Some of the country's best liqueurs are made in our backyard. Washington-state distilleries are winning medals at most of the blind-tastings in distillery judging.

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Whiskey is sexy. Lines of aficionados wait for limited releases or the latest single malt.

No one rises at dawn and brings a lawn chair to wait for the newest fruit liqueur.

But of all the spirits local distilleries produce, liqueur is arguably our most-celebrated category. They rack up more medals than our single malts, vodkas or gins at national and international tastings.

Thanks to the new booze law passed in 2008, a wave of mom-and-pop distillers, brewers and farmers has entered the liquor business and is producing some first-rate liqueurs made from berries, herbs and exotic blends. Last month, Skip Rock Distillers took “Best in Class” for their raspberry liqueur at the 11th Annual Judging of Craft Spirits Awards in Baltimore, one of the highest honors in the craft distilling industry.

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That was just the latest. In the last two years, the results of all these awards based on blind-tastings read like a roll call of liqueurs made in Washington state. Here’s a look at some of our best:

The raspberry liqueur from Skip Rock Distillers in Snohomish: It’s an honor to win best fruit liqueur for raspberry since that’s one of the most mass-produced liqueurs in the country. Too many raspberry-flavored products taste cloyingly sweet because distillers try to mask the tartness of the berries. Skip Rock kept the integrity of the berries by keeping the tartness, but its liqueur is crafted well enough that it still has a smooth finish. The raspberries come from Samson Estates in Whatcom County. Also, Skip Rock’s walnut liqueur is outstanding.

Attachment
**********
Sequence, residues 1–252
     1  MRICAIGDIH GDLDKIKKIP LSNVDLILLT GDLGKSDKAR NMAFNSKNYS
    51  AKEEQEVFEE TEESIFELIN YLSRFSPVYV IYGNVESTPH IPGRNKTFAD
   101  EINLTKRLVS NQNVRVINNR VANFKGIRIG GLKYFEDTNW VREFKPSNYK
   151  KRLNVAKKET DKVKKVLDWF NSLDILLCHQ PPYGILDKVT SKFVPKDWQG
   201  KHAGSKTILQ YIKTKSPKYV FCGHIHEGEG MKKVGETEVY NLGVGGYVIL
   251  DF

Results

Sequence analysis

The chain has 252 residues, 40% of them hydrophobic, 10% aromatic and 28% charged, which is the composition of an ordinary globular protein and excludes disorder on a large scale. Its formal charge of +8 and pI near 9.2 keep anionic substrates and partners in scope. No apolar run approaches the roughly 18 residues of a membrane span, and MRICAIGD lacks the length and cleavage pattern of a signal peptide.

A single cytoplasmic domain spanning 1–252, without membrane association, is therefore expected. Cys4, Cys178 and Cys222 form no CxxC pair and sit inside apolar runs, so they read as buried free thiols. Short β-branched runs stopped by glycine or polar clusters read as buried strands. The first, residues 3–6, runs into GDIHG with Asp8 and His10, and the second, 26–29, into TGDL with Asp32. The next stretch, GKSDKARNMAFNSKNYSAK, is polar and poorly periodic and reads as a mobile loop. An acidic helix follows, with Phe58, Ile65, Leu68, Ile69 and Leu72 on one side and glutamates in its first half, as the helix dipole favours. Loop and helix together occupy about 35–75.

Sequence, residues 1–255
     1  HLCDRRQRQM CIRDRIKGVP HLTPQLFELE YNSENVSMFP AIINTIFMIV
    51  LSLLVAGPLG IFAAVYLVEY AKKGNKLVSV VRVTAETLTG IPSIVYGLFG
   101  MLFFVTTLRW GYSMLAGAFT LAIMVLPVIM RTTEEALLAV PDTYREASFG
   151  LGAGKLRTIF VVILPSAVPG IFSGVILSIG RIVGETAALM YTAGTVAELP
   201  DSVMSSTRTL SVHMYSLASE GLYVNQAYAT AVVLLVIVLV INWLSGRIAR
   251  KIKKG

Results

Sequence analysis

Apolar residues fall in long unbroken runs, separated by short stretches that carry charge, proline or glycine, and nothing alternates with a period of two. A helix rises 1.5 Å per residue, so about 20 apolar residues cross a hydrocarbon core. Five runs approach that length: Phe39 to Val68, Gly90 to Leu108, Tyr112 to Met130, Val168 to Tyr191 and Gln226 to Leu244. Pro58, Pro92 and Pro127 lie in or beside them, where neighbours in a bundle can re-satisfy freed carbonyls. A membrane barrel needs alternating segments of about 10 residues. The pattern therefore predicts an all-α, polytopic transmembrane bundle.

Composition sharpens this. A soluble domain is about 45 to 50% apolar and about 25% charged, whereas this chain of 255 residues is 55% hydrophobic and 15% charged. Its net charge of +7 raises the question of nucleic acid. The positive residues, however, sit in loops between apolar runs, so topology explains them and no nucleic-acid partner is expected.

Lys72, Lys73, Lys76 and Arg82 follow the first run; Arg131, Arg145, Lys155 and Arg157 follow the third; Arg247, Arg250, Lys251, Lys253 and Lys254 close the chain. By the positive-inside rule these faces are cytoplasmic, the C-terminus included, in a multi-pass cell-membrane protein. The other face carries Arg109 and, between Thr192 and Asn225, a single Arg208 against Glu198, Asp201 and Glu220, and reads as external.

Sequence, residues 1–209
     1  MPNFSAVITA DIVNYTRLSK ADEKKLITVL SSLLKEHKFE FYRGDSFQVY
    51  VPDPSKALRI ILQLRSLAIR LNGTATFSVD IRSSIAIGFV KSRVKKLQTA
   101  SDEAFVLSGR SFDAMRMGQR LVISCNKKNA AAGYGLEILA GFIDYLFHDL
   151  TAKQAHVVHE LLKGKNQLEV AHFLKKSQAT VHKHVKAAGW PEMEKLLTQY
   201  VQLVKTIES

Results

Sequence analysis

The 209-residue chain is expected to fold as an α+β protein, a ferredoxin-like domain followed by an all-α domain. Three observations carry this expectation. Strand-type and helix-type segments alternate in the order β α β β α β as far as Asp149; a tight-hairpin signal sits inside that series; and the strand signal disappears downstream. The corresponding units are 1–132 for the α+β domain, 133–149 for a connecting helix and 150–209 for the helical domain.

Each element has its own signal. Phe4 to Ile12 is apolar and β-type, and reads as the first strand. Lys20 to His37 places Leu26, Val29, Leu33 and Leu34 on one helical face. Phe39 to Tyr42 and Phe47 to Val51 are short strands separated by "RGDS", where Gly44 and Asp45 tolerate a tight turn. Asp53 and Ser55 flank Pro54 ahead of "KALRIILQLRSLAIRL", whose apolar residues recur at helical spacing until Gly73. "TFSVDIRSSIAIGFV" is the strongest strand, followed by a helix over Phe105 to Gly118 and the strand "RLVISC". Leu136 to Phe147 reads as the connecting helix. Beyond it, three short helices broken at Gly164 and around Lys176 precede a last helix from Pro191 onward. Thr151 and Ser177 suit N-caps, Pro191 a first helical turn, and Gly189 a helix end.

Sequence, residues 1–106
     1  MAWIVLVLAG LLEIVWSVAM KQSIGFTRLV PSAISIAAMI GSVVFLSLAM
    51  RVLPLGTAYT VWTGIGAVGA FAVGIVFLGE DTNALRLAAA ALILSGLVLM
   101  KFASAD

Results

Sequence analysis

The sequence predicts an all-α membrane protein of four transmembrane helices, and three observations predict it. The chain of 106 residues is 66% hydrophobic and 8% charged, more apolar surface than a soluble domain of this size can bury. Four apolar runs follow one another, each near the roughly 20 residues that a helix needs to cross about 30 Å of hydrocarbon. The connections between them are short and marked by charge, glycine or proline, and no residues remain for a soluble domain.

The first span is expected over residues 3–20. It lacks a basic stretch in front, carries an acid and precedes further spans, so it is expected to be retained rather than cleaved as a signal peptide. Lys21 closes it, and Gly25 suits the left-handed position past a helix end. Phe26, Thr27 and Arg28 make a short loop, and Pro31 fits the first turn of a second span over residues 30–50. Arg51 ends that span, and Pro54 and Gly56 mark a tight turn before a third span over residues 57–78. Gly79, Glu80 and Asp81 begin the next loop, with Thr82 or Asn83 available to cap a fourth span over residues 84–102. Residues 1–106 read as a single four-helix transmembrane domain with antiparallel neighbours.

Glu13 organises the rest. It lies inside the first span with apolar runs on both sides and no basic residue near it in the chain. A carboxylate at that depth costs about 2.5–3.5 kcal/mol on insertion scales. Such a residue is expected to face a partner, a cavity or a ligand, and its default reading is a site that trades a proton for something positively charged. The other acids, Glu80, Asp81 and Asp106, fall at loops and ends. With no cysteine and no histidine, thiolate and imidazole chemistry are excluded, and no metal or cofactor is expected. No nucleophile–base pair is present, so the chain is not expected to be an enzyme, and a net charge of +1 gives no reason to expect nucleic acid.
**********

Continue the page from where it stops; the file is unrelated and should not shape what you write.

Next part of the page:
The Shiso liqueur from Sidetrack Distillery in Kent: This liqueur has a cult following in the craft-cocktail scene, a favorite of our most famous bartender, Murray Stenson. Shiso comes from the mint family, its leaves often used as garnish for sushi and other Asian dishes. Sidetrack harnessed this earthy, clove-like aroma into this beautifully crafted liqueur. In the Seattle bar scene, it’s sometimes the secret ingredient used to give cocktails an exotic note that’s hard to pinpoint since most patrons aren’t familiar with shiso. One of the best cocktails I had last year was made with shiso liqueur.

The Blackberry liqueur from Whidbey Island DistilleryThis Langley distillery gets its Black Diamond berries from Sequim. It’s a beautifully structured product with hints of cocoa, and there’s an intense, concentrated fruitiness that gives the illusion that the liqueur is very sweet when in reality it’s not that syrupy. The Beverage Tasting Institute gave it a 98, the highest score given to a fruit liqueur.

The Hibiscus from Salish Sea Organic LiqueursThis Lacey distillery boasts the state’s largest line-up of liqueurs, about two dozen, focusing not on the usual berries but exotic herbal blends and tea-inspired products including thyme-coriander and chrysanthemum. Its hibiscus is a versatile liqueur that can be used in desserts, cocktails or sodas.